the grand budapest hotel
Pack a keg of sarsaparilla and hitch up the wagons, you’re about to be taken back to the Wild Wes where no there is no Internet and everyone takes the stairs or quirky, well-maintained machines that run on cables. The patron saint of the Wilson family is back with a movie about a horny concierge who works at the sickest hotel in a made up country that probably has some literary significance. The action begins with a dead old lady who stays dead the whole time, no ghosts.
In news that wouldn’t even be shocking to a cavemen who only saw a sliver of Tenenbaums before being led to a facility where scientists are to study his toenails, Grand Budapest stays true to Texas native Anderson’s signature moves. Every character is adorned with enough cute little buttons and pins that Johnny Rotten looks downright bare in comparison. And don’t think for a second that anything in the film went unlabelled. By the end I knew the name and number of every human, wall, car, door, and envelope, which was good because, you know, I wouldn’t want to worry so much about the identity of a stylistic radio communication device that I shit my slacks in the middle of the screening.
“Ease meets Wes”
Anderson stuck to his cute little labelled guns when it came to casting as well, employing the services of Hollywood’s most trusted and of course a no-name boy whose lack of acting ability is expertly hidden amongst the lack of anything resembling reality and a forest of Oscar havers who if I acted with would make my Australian accent seem like it was coming out the mouth of Mr. Foster himself.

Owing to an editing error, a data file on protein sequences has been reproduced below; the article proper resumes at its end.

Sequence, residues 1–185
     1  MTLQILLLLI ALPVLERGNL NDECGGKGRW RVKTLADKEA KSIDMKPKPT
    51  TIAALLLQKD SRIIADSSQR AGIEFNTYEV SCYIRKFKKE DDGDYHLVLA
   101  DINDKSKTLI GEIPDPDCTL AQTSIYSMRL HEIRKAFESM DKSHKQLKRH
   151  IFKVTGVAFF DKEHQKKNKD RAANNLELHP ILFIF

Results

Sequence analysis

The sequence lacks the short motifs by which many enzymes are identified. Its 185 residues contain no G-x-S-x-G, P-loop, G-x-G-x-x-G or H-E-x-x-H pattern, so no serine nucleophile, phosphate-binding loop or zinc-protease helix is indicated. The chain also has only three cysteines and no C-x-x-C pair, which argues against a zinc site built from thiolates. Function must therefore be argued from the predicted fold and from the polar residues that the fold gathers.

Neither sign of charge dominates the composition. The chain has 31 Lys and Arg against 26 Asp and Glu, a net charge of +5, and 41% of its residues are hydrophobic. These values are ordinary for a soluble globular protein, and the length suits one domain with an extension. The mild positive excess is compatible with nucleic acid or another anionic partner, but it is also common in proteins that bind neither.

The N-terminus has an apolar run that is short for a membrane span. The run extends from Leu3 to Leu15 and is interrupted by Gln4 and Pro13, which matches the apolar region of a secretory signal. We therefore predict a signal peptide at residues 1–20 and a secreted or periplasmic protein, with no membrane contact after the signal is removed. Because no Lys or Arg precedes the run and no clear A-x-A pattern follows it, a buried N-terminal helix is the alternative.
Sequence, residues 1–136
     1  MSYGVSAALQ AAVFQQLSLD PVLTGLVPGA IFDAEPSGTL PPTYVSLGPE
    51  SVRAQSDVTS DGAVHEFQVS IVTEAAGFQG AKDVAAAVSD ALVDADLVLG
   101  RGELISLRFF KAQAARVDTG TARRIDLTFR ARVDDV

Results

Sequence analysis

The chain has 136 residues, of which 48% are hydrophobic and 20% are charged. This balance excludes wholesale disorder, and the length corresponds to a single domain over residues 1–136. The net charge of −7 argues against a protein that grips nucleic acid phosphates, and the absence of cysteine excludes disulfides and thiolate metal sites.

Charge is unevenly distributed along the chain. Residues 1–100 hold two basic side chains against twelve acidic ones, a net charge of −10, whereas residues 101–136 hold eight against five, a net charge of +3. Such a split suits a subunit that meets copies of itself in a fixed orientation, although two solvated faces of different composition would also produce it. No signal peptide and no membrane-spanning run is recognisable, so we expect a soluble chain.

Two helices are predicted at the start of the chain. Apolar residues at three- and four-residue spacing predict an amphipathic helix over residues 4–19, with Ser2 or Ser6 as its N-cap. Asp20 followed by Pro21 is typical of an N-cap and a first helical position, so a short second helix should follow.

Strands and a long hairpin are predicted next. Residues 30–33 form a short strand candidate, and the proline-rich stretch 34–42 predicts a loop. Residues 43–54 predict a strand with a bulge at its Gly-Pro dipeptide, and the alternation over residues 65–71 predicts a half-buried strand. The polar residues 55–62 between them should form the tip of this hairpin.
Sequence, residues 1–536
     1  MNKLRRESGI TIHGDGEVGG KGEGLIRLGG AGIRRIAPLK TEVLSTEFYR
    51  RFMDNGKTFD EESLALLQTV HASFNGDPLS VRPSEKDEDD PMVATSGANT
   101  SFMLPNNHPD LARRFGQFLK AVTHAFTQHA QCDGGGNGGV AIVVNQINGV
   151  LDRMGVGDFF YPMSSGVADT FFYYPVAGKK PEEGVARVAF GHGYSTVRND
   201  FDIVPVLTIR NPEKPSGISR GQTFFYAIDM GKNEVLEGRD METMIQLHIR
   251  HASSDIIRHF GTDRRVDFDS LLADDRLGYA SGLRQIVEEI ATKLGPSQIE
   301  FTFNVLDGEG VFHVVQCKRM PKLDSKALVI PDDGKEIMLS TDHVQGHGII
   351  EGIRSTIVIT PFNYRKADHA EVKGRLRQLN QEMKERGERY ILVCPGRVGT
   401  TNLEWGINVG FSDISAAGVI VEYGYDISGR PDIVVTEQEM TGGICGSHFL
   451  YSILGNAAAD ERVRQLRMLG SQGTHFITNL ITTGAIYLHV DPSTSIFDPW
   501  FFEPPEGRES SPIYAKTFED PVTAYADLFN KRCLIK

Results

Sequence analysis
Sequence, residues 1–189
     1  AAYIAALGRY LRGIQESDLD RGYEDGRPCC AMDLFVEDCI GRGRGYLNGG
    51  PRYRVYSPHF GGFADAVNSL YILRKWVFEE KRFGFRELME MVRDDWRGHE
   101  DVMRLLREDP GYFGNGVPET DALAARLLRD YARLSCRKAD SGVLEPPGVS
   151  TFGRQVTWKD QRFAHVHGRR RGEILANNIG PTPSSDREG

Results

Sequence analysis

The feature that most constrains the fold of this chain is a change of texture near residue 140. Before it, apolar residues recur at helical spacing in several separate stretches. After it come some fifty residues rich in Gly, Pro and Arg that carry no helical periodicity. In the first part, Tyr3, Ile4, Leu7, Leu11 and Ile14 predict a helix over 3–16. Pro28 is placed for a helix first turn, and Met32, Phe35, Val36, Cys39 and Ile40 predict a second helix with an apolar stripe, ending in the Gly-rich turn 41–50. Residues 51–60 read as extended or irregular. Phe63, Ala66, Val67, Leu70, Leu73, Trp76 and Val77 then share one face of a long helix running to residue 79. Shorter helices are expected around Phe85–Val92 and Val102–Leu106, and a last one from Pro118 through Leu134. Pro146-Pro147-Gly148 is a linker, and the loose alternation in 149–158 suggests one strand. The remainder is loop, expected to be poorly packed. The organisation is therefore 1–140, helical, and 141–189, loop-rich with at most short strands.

And what would be a review of a “babe” without talking about the her looks and her lumpy-in-the-right-spots body? Wes the Corduroy Boy is back at the easel, painting a movie full of colours you’ve seen but probably haven’t respected. The mains in this 100 minute meal were pinks, purples and oranges of bygone eras, dusted off and labelled or stitched as if to be catalogued for some art ween to re-discover fifty years later and used as the muse in an exhibit about how our generation needed hands to use computers.
There was more wood in the film’s grandiose set pieces than all the wood in the forest where Harry the bigfoot chilled in Harry and the Hendersons, which to that same inquisitive future art ween, may sound like it belongs in Anderson’s oeuvre. “Anderson’s latest, Harry and the Hendersons follows a Parisian footballer who secretly wants to fly hot air balloons to impress the President’s one-eyed daughter”. John Lithgow and Bill Murray should do a movie together where they play rival farmers, eh?
I must’ve liked this thing because after I watched it I noticed so many cute things in my own life that I’ve overlooked like how the key in the back door always sticks and how we’ve been putting up with a faulty toilet handle for the last two months.
The music was about the same, lots of harpsichord and shit.
Overall I’d give this movie a “go ahead, it won’t ruin your day and it’s not that long”. I didn’t wiggle around much during it and I came in second in TimePlay only because I forgot that both Affleck brothers were in Good Will Hunting. This movie is probably better than Good Will Hunting but I saw that movie when I was more impressionable and was probably like “oohhhh that smart hothead is everything I want to be except poor”.